BOULDER COUNTY, Colo. — Cleanup is underway in Boulder County's Sagamore neighborhood a little more than two weeks after the devastating Marshall Fire.
The work began Friday to remove cars, trailers, downed trees and anything else from the rights of way, like streets and sidewalks.
"That's gonna be a significant undertaking for our contractor," Boulder County Public Works spokesperson Andrew Barth said. "This is going to clear us a path to our private properties that will start cleaning up... with the debris removal program."
The charred remains of multiple burned cars lined several streets, a sign that people had just minutes to grab their belongings.
In Boulder County’s Sagamore neighborhood today where crews have started removing burned cars, trailers, etc., on the county’s right-of-way, like streets & sidewalks. Process could take about a month as they suspect they have to remove 1,300+ of them. @DenverChannel #MarshallFire pic.twitter.com/91GUhSbryU— Pattrik Perez (@PattrikPerez) January 14, 2022
Barth said the whole process could take up to at least a month because the county believes there are about 1,300 vehicles or other wheeled objects to remove.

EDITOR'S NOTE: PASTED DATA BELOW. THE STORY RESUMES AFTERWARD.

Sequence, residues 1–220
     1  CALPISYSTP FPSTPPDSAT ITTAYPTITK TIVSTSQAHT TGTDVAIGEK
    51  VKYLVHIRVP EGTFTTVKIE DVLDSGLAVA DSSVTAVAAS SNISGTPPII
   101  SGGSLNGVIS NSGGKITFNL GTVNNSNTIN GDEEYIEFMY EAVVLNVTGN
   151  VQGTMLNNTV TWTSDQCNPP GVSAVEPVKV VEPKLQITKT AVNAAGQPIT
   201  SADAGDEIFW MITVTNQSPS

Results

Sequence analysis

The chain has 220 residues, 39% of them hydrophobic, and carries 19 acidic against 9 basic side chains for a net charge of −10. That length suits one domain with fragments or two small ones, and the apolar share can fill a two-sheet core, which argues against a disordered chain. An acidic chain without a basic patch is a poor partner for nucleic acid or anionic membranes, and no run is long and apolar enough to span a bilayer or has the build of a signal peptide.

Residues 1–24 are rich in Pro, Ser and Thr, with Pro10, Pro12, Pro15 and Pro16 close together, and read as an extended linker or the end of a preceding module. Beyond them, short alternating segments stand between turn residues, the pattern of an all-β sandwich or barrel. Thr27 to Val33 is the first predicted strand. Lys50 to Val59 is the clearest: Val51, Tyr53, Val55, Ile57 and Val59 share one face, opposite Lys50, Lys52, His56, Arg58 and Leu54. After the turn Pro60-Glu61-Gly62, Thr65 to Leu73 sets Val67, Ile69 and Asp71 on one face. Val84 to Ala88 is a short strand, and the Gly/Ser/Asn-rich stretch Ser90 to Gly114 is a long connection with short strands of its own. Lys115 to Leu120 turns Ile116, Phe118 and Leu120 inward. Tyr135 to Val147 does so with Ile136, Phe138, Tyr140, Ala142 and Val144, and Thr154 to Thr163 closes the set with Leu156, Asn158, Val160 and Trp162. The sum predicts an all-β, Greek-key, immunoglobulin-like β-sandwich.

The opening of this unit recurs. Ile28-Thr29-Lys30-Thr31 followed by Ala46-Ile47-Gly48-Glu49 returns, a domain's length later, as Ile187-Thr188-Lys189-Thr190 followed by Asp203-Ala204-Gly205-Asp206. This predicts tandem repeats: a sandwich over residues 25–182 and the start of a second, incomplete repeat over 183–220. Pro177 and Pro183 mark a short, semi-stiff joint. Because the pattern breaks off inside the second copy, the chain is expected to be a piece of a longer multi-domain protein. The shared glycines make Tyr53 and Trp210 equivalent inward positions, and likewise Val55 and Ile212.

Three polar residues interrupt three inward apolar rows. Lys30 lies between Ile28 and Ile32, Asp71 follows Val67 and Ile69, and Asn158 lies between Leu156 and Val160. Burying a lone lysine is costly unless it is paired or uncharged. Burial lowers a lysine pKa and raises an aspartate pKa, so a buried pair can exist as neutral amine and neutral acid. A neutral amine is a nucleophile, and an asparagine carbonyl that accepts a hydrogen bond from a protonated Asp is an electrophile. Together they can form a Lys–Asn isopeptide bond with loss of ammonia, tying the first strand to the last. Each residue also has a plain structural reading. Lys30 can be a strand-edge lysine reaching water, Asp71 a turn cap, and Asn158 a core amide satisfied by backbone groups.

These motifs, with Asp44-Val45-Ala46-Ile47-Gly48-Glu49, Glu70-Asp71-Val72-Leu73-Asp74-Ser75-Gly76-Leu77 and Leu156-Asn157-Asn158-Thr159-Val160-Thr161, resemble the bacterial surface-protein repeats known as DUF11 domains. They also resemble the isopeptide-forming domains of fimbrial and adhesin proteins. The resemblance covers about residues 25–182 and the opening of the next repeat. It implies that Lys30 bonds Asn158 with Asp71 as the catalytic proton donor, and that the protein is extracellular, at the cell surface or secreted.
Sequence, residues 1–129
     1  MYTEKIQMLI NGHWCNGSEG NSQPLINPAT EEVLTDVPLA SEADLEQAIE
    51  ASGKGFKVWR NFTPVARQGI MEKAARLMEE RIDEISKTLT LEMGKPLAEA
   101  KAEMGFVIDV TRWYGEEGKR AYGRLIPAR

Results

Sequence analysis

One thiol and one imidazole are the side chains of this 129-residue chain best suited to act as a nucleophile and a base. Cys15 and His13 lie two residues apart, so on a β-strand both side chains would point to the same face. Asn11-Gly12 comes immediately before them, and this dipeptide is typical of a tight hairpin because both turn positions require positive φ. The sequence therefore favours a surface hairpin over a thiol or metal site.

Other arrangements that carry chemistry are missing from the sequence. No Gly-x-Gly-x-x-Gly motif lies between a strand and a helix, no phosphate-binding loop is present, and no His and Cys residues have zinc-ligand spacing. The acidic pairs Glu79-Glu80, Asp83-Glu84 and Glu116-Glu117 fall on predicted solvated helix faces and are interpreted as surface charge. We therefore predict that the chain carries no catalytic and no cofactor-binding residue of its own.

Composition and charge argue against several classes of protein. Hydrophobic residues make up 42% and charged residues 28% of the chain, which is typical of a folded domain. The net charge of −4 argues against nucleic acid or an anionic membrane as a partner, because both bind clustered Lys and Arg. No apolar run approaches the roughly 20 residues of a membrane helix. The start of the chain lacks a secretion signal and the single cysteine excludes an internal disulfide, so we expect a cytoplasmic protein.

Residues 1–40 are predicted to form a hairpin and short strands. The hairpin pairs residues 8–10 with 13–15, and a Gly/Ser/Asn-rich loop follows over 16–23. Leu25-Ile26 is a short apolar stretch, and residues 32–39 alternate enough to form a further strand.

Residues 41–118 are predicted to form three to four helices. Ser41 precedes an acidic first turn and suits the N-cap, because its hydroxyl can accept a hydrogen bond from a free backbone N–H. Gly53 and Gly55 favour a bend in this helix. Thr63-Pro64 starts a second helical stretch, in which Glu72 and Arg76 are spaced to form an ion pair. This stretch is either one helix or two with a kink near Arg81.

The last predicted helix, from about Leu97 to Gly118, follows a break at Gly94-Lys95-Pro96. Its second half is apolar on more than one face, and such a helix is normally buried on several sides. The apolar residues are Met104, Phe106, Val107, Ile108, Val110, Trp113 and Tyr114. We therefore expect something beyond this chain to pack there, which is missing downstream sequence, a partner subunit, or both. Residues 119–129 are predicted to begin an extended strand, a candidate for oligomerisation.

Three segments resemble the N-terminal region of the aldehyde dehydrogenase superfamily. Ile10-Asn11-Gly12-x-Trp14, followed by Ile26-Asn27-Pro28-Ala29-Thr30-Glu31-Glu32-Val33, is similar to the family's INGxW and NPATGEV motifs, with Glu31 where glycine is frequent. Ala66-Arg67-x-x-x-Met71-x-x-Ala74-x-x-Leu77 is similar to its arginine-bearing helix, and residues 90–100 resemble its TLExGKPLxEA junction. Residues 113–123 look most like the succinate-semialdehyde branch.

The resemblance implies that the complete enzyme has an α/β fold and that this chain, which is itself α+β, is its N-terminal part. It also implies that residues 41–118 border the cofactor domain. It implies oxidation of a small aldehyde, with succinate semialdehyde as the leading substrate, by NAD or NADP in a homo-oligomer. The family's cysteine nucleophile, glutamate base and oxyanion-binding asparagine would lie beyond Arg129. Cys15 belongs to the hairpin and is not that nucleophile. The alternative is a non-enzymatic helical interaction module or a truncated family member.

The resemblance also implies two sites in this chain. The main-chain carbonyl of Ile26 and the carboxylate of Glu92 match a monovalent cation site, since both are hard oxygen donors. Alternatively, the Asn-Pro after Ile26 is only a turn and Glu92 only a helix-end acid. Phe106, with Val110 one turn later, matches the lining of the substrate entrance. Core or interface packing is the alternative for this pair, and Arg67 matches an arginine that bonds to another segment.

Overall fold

"They'll be out there seven days a week 'til it's cleared," he said.
Once crews finish in the Sagamore neighborhood, they'll move on to seven other neighborhoods. Old Town Superior is next on the list.
Cars removed from these neighborhoods will be taken to a secure location. Vehicle owners and their insurance companies who want to visit the site to look at a vehicle should send an email to ROE@bouldercounty.org or call (303) 214-3203.
When all the rights of way are cleared, the second phase of the county's debris removal will begin. That'll include curbside collection of smoke- or wind-damaged items, — like fencing, patio furniture and vegetable waste — from homes that survived the fire.
Then, in February, the county hopes to begin the real cleanup by removing debris from where homes once stood.
"The first thing we really need people to do is fill out a right of entry form," Barth said.
Opting in or out, using this form, will grant or deny county crews permission to remove debris from a homeowner's property. Some homeowners may choose to opt out if they've hired their own private contractors for debris removal.
The process could take between six to 18 months, depending on whether crews find any environmental or structural problems.
"In the long run, the financial incentive is there for us to do the work for you," Barth said. "That'll leave a lot bigger chunk of change, we hope, for people to rebuild when that time comes."